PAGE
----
Losses to Pats still haunt Colts

NFL: To finally reach the Super Bowl, Peyton Manning and the Colts must find a way to end their struggles against the two-time champs.

Pro Football

August 27, 2005|By Ken Murray | Ken Murray,SUN STAFF

Buffeted by growing speculation his Indianapolis Colts can't beat the New England Patriots when it counts - or any other time, for that matter - coach Tony Dungy drew on a golf analogy to deflect those charges.

"It's kind of like Phil Mickelson, I guess, and how many majors can you be close in and how often can you be ranked in the top five golfers - and not win a major?" Dungy said. "So until you win them, that's what you're going to hear.

"And until we won a playoff game, that was what we were going to hear. Now we're going to hear `until we get to the Super Bowl ... ' "

A perennial runner-up in major tournaments, Mickelson finally won a Masters to chase his detractors, then added the PGA Championship this summer.

The Colts know his pain, but not his gain. Despite having the NFL's Most Valuable Player at quarterback in Peyton Manning the past two seasons, the Colts' Super Bowl dream died each year in frigid Foxboro, Mass., with unsightly losses to the Patriots. One of the league's most prolific offenses managed just 17 points total in those defeats.

It's enough to wonder if there's more than home-field advantage and defensive genius at work there. It's enough to ask if the Patriots, winners of three of the past four Super Bowls, have a psychological stranglehold on the Colts.

The answer that came back during training camp in Terre Haute, Ind., was a resounding no.

"I don't think it's gotten to that point here," wide receiver Brandon Stokley said. "Until we can beat them, people are going to ask if they're in our heads. It's a fair question. [But] our goal is not to beat New England; our goal is to win the Super Bowl."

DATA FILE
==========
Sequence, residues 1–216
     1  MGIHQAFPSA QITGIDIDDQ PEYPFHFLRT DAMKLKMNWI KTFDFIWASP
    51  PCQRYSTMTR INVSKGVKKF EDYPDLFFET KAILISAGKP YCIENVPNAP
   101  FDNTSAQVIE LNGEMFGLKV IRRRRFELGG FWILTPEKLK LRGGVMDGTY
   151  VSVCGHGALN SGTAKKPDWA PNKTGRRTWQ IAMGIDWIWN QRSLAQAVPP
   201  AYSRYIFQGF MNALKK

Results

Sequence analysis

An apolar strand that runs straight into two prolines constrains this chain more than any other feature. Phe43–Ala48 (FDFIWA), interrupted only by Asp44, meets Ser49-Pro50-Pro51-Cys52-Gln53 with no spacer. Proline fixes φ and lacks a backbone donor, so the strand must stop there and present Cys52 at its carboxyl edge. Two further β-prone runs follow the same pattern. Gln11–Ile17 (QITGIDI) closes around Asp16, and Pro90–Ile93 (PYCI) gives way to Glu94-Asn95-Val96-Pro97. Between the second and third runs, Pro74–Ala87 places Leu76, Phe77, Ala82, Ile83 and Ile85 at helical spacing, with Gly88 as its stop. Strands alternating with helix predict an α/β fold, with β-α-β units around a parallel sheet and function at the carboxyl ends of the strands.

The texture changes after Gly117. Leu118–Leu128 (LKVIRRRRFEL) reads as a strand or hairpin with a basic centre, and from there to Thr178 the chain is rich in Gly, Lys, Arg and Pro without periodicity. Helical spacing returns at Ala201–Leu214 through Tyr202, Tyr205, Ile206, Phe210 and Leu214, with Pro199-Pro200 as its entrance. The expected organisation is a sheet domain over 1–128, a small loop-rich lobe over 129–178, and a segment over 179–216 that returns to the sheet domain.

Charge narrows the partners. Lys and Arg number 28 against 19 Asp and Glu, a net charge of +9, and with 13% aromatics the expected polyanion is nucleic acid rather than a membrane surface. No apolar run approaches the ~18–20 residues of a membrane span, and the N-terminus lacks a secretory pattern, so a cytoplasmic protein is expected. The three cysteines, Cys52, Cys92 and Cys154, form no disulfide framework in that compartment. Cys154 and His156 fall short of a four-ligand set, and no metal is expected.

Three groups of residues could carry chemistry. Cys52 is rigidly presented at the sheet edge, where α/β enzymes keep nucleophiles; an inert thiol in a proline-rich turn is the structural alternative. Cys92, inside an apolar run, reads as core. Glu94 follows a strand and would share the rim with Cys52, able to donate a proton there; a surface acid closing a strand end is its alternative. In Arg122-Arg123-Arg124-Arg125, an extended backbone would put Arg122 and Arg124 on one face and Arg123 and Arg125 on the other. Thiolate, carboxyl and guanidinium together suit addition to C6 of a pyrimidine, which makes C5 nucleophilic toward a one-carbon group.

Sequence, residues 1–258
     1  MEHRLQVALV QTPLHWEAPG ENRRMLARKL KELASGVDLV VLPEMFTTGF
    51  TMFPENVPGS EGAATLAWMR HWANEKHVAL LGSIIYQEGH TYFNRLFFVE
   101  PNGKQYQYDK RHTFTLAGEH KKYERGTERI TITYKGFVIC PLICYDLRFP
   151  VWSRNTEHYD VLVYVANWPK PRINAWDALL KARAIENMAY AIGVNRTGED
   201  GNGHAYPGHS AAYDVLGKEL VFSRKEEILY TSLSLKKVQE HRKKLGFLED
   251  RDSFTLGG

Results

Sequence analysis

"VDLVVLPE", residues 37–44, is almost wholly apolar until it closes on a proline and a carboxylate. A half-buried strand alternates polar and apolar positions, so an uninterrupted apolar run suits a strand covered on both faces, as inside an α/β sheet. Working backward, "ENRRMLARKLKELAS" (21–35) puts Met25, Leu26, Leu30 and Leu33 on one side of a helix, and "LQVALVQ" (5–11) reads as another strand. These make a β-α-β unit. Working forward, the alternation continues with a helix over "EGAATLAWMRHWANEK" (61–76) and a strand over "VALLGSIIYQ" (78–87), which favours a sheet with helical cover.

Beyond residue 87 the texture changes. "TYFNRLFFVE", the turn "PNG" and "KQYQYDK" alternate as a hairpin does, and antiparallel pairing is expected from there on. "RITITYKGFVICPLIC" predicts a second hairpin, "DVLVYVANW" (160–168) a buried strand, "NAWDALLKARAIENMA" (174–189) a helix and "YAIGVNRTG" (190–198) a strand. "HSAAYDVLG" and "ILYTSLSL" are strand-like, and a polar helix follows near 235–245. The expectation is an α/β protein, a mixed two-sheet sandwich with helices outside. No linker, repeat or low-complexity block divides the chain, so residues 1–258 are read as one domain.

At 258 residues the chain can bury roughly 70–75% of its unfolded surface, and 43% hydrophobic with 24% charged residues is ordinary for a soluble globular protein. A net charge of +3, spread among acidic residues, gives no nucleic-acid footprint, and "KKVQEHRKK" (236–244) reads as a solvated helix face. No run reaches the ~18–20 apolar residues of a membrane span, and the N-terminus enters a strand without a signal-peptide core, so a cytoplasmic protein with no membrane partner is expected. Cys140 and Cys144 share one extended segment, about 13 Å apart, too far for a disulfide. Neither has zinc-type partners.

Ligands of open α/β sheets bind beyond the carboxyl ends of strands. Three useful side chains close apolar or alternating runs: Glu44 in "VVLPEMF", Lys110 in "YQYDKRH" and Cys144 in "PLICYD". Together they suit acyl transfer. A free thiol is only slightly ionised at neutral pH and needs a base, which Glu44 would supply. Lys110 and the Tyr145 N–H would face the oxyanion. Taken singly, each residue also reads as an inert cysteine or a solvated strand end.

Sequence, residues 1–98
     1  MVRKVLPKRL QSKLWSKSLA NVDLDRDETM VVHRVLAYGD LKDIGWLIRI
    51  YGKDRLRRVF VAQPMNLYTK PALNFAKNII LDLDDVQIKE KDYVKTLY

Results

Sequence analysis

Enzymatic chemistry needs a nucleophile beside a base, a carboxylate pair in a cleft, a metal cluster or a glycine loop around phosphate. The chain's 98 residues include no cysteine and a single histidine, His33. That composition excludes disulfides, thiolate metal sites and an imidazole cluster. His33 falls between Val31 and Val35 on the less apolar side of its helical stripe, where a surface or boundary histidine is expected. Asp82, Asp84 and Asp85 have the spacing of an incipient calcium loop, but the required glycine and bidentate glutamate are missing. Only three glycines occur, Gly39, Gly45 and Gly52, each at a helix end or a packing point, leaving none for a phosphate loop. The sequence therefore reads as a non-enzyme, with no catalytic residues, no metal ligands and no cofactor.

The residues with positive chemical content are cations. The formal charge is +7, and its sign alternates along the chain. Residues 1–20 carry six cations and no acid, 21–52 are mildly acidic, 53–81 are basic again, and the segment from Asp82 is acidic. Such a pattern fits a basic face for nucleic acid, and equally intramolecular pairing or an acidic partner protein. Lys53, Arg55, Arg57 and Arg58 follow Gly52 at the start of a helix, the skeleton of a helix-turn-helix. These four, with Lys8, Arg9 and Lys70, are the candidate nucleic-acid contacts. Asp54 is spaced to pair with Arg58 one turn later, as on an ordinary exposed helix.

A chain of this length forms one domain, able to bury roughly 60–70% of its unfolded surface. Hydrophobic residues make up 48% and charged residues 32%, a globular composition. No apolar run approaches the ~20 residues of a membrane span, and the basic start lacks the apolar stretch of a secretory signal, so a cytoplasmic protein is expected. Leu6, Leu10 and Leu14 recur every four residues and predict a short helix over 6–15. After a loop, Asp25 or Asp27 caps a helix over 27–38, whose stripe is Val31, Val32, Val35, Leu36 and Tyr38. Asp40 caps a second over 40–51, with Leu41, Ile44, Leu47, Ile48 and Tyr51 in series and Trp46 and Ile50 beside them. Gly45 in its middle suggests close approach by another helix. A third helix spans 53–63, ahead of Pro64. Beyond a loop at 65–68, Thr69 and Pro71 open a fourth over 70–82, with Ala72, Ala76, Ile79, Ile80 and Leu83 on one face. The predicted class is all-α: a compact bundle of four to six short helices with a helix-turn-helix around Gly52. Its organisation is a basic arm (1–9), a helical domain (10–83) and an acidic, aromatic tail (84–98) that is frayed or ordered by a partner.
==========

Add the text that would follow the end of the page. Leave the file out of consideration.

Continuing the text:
Still, the Colts have lost six straight games to the Patriots, including four in Foxboro. Manning is 1-7 against the Bill Belichick-coached Patriots, with 13 touchdown passes and 13 interceptions.

Confronted once again with the specter of the Patriots, Manning doesn't mince words.

"They've been a better team than us the last two years," he said. "They've made the plays and we haven't. We have to give them credit."

Unlike last season, when Colts kicker Mike Vanderjagt suggested the Patriots were ripe for an upset, this year's Colts give credit where it's due.

"New England hasn't lost to many people in the last few years," center Jeff Saturday said. "It's not like they're just doing it to us. It's not a mental thing, or that we can't get over the hump. They're a great football team. They've had great teams these last three, four years and that's the bottom line. They've just outplayed us when we've played them."

The Patriots won 24-14 in the 2004 AFC championship game and 20-3 in the 2005 divisional round. The bottom line showed these trends in the two games:

The Colts, who led the NFL with a plus-29 ratio in turnovers the past two seasons, lost eight to the Patriots, who lost a total of two.

Manning threw five interceptions and was sacked five times in the two games.

The Patriots gained more rushing yards in the inhospitable elements, 322-144, running the ball 31 more times.

Colts wide receiver Marvin Harrison has averaged 80.5 receiving yards a game in his career, but averaged an indifferent 30 in two games against the Patriots.

The one receiver who hurt the Patriots in 2004, tight end Marcus Pollard (six catches for 90 yards and one touchdown), was held to one catch for 2 yards in the 2005 game.

"I just think the last two times we played them, we just played flat football, we didn't play good," Saturday said. "We didn't come out and execute how we normally execute, we weren't getting the things done we normally do."

"Maybe I didn't do a good enough job," said offensive coordinator Tom Moore.

One thing's for certain: the Colts get another chance to break the spell in the regular season with a Nov. 7, Monday night game in Foxboro. They have played the Patriots - and lost - in the regular season each of the past two years.

Dungy said he isn't bothered by the team's unwanted reputation.

"No, because that is what it is," he said. "People expect a lot out of us. We've done a lot in the regular season. We haven't played as well in the playoff losses. We've played well in the playoff wins. But people expect us to be a Super Bowl contender, so those are expectations we like.

"It's just how you play that particular day. And we've got to get ourselves where we can play a good game, our type of game, in the playoffs."

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